And then the ghost of Christmas Past came along … and she was a girl, in a white dress, basically looking to me like a tarted up Miss Havisham. Where were my candles? When in the world did it get decided that she was “Cinderella, that you left behind when you left behind your books” (not a quote)? What a bunch of claptrap! Christmas Past as Cinderella! Yeah, sure, it was cool when they were “flown” over London (really awesome special effect involving not too much effort), but … CINDERELLA. You might as well have made … Tiny Tim the Ghost of Christmas Future. Oh wait, they DID! Forget the traditional image, this show came up with something so entirely ludicrous I found myself sighing and wishing for the finer points of the Stone Soup Theater’s Black Light Christmas Carol of some years past.

Good points: the singing of the cast was really enjoyable, Scrooge’s old girlfriend Belle (Poppy Roe) was really excellent in her scene (actually I enjoyed the whole Fezziwig scene rather a lot, though I thought the “On the First Day of Christmas” at the end was clunky), the tech crew/director did a great job handling some really challenging stuff in a tiny space (I liked the puppetry, and the lighthouse in the “Christmas by the Sea” scene was a treat), and the acting was far better than I would have expected from a space like this.

Overall this wasn’t a horrible show, but … I just think this script isn’t worthy of being produced. It’s not a bad Christmas Carol, and the price is low, so if you’re less particular about things like historical accuracy and fidelity to the text, you may enjoy it. Me, well, I can’t help but think fondly of the amazing South African “Christmas Carol” I saw last year, that captured all of the message of the story and fully bent and played with the structure while still feeling one hundred percent right. Oh well.

(This review is for a performance on Friday, December 12, 2008.)

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6 Responses to “Review – Phil Willmott’s musical “A Christmas Carol” – King’s Head Theatre”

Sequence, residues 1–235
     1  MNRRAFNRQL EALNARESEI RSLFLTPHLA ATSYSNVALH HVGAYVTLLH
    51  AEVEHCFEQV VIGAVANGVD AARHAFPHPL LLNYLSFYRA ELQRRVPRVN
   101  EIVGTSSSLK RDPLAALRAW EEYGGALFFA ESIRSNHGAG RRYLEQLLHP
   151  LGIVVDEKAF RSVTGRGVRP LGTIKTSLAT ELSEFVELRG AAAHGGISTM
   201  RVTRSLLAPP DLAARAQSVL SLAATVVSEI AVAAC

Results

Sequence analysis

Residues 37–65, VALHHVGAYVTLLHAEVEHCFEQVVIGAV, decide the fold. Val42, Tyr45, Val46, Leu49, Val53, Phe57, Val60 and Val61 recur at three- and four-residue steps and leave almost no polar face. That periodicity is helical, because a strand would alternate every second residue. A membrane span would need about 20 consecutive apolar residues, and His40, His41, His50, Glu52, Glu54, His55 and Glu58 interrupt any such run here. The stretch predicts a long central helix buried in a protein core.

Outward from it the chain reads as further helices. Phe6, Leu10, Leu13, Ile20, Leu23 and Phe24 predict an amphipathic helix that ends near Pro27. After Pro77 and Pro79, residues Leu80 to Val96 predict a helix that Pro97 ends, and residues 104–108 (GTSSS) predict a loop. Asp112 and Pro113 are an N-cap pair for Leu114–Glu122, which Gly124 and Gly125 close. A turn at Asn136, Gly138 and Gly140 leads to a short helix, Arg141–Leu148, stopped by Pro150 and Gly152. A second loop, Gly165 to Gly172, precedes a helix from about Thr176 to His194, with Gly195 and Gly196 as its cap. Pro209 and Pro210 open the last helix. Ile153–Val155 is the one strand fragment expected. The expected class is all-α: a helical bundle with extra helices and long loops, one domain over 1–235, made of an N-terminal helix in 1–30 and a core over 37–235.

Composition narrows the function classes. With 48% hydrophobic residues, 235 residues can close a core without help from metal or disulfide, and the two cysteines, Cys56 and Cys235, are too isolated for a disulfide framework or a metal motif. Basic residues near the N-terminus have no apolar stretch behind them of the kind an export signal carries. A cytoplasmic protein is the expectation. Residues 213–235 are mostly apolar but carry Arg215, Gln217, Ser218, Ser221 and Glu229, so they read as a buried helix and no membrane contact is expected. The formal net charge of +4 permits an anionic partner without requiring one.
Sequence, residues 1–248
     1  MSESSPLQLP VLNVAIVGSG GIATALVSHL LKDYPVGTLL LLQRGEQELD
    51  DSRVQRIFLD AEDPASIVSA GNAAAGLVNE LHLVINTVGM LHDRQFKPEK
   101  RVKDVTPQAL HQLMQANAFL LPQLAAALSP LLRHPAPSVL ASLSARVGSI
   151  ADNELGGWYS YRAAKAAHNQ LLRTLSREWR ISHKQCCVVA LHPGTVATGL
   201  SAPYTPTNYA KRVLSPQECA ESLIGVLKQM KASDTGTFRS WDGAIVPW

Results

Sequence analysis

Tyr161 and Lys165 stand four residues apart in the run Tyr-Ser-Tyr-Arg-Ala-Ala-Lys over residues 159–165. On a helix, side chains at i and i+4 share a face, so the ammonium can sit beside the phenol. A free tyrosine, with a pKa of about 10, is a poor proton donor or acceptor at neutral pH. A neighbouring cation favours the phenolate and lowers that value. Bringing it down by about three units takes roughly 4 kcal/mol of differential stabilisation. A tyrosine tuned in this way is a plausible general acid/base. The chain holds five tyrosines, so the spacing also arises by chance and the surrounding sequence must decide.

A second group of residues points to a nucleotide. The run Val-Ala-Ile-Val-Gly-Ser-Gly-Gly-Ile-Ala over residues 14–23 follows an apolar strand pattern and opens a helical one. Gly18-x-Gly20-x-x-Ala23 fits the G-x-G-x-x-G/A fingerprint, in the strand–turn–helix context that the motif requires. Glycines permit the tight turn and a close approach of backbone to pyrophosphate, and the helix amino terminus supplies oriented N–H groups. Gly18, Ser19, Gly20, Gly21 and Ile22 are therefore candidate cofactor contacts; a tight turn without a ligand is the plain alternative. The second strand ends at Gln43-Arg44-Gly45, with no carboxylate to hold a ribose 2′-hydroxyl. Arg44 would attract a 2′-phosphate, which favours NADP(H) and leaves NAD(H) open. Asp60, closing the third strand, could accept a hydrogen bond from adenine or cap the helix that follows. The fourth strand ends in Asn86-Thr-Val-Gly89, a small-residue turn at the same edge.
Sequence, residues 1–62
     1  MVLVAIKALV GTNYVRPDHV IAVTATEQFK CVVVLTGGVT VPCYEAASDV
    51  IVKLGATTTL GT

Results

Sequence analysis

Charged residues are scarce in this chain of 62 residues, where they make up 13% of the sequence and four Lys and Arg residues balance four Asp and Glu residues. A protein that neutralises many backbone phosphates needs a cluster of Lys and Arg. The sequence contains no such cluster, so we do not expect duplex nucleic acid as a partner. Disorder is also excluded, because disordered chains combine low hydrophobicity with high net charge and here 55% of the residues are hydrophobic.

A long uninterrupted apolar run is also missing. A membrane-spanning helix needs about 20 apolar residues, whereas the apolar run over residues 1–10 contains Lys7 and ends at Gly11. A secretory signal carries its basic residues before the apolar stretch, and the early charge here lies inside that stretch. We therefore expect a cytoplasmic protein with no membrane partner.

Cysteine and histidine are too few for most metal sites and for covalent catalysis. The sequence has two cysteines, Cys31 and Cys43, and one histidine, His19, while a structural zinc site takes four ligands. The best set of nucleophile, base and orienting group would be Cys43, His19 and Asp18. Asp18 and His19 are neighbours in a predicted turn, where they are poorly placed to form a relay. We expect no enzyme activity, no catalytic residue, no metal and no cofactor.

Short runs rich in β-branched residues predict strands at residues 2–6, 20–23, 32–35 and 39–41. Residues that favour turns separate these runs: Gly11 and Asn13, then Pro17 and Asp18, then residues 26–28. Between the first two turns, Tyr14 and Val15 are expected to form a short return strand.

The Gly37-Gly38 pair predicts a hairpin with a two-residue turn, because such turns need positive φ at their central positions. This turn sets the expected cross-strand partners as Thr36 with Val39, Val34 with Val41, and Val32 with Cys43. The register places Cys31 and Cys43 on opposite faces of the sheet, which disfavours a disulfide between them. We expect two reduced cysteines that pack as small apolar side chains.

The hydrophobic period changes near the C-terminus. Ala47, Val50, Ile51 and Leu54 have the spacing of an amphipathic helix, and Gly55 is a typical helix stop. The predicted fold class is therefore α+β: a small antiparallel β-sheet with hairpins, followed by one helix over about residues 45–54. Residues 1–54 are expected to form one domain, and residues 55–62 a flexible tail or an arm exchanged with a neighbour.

1. webcowgirl Says:

    Author : james (IP: 87.112.35.28 , 87.112.35.28.plusnet.ptn-ag1.dyn.plus.net)
    E-mail : garypage1@yahoo.com
    URL :
    Whois : http://ws.arin.net/cgi-bin/whois.pl?queryinput=87.112.35.28
    Comment:
    you are an unkind bitch i personally would find it difficult to walk through life being unkind

  2. Review – Sweet Charity – Menier Chocolate Factory « Life in the Cheap Seats – Webcowgirl’s London theatre reviews Says:

    […] quite made it into the upper echelons of Bloggerdom yet. (I can thoroughly piss off people that produce fringe shows and the occasional rabid Jesse Buckley fan, but mostly I’m a big nobody with time on her […]

  3. Harry Granger Says:

    THE TIMES – SAM MARLOWE
    Revoltingly sentimental

  4. Pete Roberts Says:

    Shouldn’t you admit that you were dating and have been dumped by a member of this company? Now your tragic web bile has to hang around us all like a bad smell. And yes. I would say this to you at a dinner party… so you’ll publish this?

    • webcowgirl Says:

      Hi, Pete, or is it Harry Granger, or shall I say Anon E Mouse? I am pleased to say that I haven’t been dumped by a member of your company. I am still happily married to the same person I was with last year. In fact, I’ll be seeing you at dinner tonight after the show at the party. Make sure to identify yourself to me as since the name you listed is neither in the cast nor in the crew list I’ll have a hard time finding you. Shame on you for hiding behind a pseudonym when making personal attacks. You know what’s sad is that my review is basically positive, I only complained about the costumes and the lack of historical accuracy. Is this perhaps the costume designer flipping out again? My advice to you is GENERATE BETTER REVIEWS and then you won’t have to worry about what I said. But thanks for generating all of the traffic to my website!

  5. james Says:

    you have no idea i can only wish you ill how terrible to not have a kind bone in your body